House of the Dead (2003) Movie Review

Genre movies are notorious for lying through their teeth. The favorite lie that everyone knows, but no one really seems bothered by, is obvious 20-something actors playing teens. “House of the Dead”, the latest film to cash in on the glossy horror craze, goes a step further. This time we get a cast of 30-something actors (or they look like they’re all in their 30s, which is doubly bad!) playing college students. It’s not like the filmmakers couldn’t find good young actors and had to go with an older cast; the film doesn’t exactly have future Brandos and Streeps on its hands, if you know what I mean. The most you can hope for is co-star Clint Howard-caliber acting, a lowly threshold these poor souls can’t even reach.

“House of the Dead” opens with survivor Rudy (Jonathan Cherry) providing voiceover, introducing our characters and their quest to join the “rave of the century” at an isolated island with one of those generic evil-sounding names like “Island of the Dead” or “Island of the Evil” or some such. As soon as the ravers reach the island, they discover that the party has been crashed, and that all their fellow ravers are missing. It turns out zombies are roving the island, controlled by a Spaniard seeking immortality. Thankfully the fishing boat captain that brought the kids to the island is also an illegal arms dealer and he’s got enough guns to make the NRA rethink that whole 2nd Amendment argument.

If you were looking for incompetent filmmakers to rule a kingdom, you couldn’t go wrong with director Uwe Boll and writers Dave Parker (“The Dead Hate the Living”) and Mark Altman. Boll has elected to shoot “House” with the mentality of a kid shooting a Z-Grade zombie film in his parent’s backyard, with his buddies as actors and himself as the lone crew. To say that “House” is atrocious is giving it too much credit. It’s senseless and cheapie crap that somehow managed to put together a dozen million dollars or so in investment budget. Of course Boll has neither the creativity nor ability to put the sizeable budget to good use.

The above results in “House” being jam-pack with unnecessary special effects that do nothing but take one out of the moviegoing experience. There’s enough nonsensical usage of bullet-time and 360-degree spins to make the inventors of both gimmicks regret ever having invented them. The money spent on all of these effects, which show up about once every 2 seconds, could have been better spent on a real screenwriter. Or, even better, maybe the producer should have hired a real director. Parker and Altman’s script reeks of mind numbing retardation only surpassed by the childish decision making skills of director Boll.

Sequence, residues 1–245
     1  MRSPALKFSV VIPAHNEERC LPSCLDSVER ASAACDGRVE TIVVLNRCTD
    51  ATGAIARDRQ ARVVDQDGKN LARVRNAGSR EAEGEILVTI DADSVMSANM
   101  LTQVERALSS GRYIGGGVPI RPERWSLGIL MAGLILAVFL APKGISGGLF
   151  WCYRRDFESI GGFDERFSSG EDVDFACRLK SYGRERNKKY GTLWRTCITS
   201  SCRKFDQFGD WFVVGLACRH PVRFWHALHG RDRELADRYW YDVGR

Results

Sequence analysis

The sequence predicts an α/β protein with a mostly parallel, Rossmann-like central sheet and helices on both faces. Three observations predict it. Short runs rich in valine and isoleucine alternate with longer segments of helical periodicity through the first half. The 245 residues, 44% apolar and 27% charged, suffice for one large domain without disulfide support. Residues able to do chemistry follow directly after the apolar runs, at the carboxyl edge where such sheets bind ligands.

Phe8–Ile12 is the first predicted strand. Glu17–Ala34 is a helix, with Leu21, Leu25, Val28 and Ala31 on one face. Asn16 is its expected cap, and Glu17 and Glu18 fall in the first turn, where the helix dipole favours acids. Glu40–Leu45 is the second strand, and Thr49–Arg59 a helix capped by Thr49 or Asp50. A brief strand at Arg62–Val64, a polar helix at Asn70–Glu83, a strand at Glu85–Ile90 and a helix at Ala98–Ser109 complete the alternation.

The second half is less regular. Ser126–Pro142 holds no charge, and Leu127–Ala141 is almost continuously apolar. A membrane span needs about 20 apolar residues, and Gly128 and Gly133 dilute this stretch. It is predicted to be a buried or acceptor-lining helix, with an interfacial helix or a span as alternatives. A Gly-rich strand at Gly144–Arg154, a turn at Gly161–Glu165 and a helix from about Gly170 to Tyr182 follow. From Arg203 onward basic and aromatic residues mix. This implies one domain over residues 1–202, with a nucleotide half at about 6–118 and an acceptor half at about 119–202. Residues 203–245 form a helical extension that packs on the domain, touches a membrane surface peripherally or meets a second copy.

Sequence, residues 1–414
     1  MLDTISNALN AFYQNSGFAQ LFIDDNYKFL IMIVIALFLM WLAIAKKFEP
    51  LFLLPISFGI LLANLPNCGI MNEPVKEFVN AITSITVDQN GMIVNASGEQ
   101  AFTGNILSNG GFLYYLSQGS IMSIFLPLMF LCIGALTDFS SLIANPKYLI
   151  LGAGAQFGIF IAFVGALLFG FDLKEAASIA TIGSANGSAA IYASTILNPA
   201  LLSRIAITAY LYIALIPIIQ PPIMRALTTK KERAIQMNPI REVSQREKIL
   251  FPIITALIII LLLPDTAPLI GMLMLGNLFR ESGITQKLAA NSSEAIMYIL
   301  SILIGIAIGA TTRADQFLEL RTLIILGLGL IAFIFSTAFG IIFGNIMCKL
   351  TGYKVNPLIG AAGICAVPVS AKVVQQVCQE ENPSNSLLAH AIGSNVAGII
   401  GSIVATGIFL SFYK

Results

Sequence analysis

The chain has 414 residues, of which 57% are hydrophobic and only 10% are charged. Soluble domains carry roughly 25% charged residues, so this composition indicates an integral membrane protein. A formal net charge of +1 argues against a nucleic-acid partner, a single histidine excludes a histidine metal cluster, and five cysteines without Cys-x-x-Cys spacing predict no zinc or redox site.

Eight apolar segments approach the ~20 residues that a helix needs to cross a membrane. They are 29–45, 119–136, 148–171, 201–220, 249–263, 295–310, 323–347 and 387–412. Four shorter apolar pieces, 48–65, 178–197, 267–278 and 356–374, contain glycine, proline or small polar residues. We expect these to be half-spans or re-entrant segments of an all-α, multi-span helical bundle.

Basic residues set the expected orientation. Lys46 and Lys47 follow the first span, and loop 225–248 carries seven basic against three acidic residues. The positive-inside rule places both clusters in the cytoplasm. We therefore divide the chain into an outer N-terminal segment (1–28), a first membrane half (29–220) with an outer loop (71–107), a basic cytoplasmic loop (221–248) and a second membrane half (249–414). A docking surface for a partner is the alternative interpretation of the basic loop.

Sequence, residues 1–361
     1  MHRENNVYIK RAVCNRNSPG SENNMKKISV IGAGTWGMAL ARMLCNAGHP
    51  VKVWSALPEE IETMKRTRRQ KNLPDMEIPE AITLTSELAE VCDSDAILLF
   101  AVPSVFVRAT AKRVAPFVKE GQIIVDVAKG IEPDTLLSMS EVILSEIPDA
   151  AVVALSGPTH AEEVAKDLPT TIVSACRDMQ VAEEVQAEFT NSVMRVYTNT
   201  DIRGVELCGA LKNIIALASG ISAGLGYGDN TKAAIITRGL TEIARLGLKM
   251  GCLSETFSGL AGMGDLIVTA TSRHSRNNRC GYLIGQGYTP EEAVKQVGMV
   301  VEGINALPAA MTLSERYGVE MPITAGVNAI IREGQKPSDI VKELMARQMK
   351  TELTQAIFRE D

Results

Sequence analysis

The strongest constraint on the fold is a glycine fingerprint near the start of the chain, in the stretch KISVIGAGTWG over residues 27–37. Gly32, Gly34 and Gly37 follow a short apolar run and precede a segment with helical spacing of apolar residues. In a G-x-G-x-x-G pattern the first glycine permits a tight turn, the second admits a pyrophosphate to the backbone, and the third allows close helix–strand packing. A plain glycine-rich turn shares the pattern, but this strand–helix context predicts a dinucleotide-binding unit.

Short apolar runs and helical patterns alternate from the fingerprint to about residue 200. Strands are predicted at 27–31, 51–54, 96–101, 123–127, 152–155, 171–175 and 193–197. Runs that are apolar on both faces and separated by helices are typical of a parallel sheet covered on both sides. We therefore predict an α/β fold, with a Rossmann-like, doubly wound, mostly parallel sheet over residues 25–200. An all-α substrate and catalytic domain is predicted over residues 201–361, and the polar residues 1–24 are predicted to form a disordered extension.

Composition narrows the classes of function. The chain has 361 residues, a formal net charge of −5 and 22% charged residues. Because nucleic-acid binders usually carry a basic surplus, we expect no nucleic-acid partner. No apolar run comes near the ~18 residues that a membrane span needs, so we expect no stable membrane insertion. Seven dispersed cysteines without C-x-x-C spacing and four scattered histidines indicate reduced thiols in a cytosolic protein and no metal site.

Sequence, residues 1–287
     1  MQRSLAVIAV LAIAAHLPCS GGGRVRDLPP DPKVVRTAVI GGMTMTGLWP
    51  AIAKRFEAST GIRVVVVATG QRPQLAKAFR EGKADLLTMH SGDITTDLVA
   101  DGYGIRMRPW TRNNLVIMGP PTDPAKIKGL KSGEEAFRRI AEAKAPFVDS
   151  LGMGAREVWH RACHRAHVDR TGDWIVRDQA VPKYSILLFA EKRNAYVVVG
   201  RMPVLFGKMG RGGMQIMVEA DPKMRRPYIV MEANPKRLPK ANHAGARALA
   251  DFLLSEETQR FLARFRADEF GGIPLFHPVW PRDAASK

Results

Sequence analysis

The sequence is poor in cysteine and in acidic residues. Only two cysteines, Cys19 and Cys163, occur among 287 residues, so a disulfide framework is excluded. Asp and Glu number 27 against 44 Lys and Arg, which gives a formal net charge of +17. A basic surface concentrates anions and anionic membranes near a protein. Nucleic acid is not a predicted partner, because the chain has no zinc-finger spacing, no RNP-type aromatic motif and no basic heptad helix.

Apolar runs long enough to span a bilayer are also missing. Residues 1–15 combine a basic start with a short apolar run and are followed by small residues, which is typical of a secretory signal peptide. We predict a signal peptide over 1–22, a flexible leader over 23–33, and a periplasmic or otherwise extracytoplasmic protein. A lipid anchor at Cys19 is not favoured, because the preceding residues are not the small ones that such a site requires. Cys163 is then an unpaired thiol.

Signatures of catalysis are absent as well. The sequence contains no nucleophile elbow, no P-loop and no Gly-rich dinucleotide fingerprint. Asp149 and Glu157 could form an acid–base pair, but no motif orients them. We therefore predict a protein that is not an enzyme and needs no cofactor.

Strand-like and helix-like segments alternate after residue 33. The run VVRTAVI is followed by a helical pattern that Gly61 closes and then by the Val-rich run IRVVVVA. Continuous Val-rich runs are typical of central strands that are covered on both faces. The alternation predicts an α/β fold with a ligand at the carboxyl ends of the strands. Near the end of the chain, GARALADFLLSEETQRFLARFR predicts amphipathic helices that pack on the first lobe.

Not only is the film overloaded with superfluous expensive camera tricks, but the movie itself features footages from the “House of the Dead” video game. Worst, Boll doesn’t use the footages to good effect. The scenes just sort of, well, show up arbitrarily throughout the film. Also, not only is the supposed “rave of the century” taking place in the daytime, but there are, oh, about 20 or so “college kids” present at this super duper rave to end all rave. And oh yeah, who knew corporations like Sega were now sponsoring raves? Of course it helps that Sega also produced the “House of the Dead” video game.

For those looking for salvation, there’s veteran Prochnow (“Das Boot”) to show the kids how it’s done. Prochnow and Clint Howard have their tongues firmly implanted in their cheeks as they throw out one groan-inducing one-liner after another. The odd-looking Howard gets to play the Old Man Who Knows Stuff and Provides Exposition, while Prochnow gets to chew scenery as well as his neverending supply of cigars. In one hilarious sequence, while Prochnow is struggling at his boat in the middle of what appears to be a vicious rainstorm, the ravers are at the rave site, but it’s dry as a bone! Not a single raindrop in sight. And they’re on the same island. Must be an awfully big island to have two weather systems.

Of the zombie fodder, Ona Grauer manages to stand out a bit, not only because she’s the Designated Tough Chick, but also because she has an interesting look. According to her archetype, Grauer’s Alicia gets to be the first one to say that something is wrong, thus proving her (supposed) intelligence. Later, she kicks zombie buttocks, thus proving her (supposed) physical mettle. The only other 30-year old who makes an impression is Kira Clavell, whose character is Asian and thus knows martial arts. Of course all of the kids turn themselves into zombie killing machines. Who knew college kids could pick up a gun and suddenly become Rambo? The kids of “House” make the transition from zombie fodder to unstoppable super duper killers in about 10 minutes of movie time.

The hows, whys, and whens of “House” hardly matter. Better writers and directors should explore these things, not the makers of “House of the Dead”. What we have here is a really, really stupid and mindless film, but oddly enough it’s rather entertaining — in a “so bad it’s good” sort of way. Then again, maybe it’s just stupid, and I’m giving it too much slack.

Uwe Boll (director) / Mark A. Altman, Dave Parker (screenplay)
CAST: Jonathan Cherry …. Rudy
Tyron Leitso …. Simon
Clint Howard …. Salish
Ona Grauer …. Alicia
Ellie Cornell …. Jordan Casper
Will Sanderson …. Greg

Buy House of the Dead on DVD